The Committee is chaired by DepEd Undersecretary Francisco Varela with DepEd Assistant Secretary Tonisito Umali as secretary. Its members are DepEd Assistant Secretary Jesus Mateo, DPWH Assistant Secretary Ma. Catalina Cabral, DPWH Director Judy Sese as alternate and DepEd Engineer Oliver Hernandez.
Acting as observer is Executive Director Cosette Canilao of the Public Private Partnership Center of the Philippines. To serve as observers are the Ateneo School of Government, Office of the Solicitor General, the Commission on Audit and the Office of the Resident Ombudsman.
The PBAC shall be responsible for all aspects of the procurement process for PSIP II pursuant to the provisions of the RA 6957 as amended by RA 7718 and its implementing regulations. Also, a technical working group composed of representatives from various sectors was created to aid the PBAC in performing its responsibilities.
The Phase I of the PSIP consists of 9,301 classrooms covering 2,204 public elementary and secondary schools. The construction is expected to commence this February. Phase II targets 10,679 classrooms in 5,167 school sites covering 14 regions.
PSIP supplements other on-going initiatives of the DepEd to address classrooms shortage in public schools.
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MANILA. At a meeting with Summer Institute of Linguistics International Executive Director Freddy Boswell, SIL Philippines Director Glenn Stallsmith and other SIL leaders, Education Secretary Armin Luistro expressed appreciation for the significant role that SIL plays in sustainable language development within the Philippines. He noted in particular the important ways that SIL connects various stakeholders in the language communities.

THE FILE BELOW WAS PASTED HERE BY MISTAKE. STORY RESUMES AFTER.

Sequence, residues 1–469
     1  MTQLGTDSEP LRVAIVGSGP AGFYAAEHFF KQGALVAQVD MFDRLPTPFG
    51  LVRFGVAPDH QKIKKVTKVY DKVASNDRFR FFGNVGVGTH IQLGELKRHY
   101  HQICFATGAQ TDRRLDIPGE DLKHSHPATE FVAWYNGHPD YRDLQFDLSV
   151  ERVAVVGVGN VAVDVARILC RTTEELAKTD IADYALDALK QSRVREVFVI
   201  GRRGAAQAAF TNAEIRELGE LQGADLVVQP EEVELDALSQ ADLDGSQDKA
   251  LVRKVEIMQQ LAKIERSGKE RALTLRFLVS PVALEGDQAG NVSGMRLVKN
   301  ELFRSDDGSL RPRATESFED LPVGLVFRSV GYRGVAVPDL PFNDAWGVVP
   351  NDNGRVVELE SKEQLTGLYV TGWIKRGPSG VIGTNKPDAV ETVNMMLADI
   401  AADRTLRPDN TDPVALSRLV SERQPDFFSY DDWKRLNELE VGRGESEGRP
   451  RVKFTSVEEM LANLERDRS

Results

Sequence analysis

Secretary Luistro also explored how this international linguistics organization can further partner with DepEd to serve educational and language development goals of Philippine IP communities. Luistro is eager for SIL’s compilation of Philippine language data, collected through 60 years of fieldwork, to be readily available in accessible formats. SIL continues to publish its renowned catalogue of all the world’s languages, the Ethnologue.
SIL, also known as the Summer Institute of Linguistics, is a volunteer, nonprofit organization that has worked in the Philippines since 1953. In cooperation with the Philippines Department of Education, SIL members carry out linguistic research and documentation of Philippine indigenous languages. As appropriate to the language community, SIL also promotes literacy, health, and community development projects among speakers of those languages, as well as translation of materials into the vernacular.
Glenn Stallsmith, Director SIL Philippines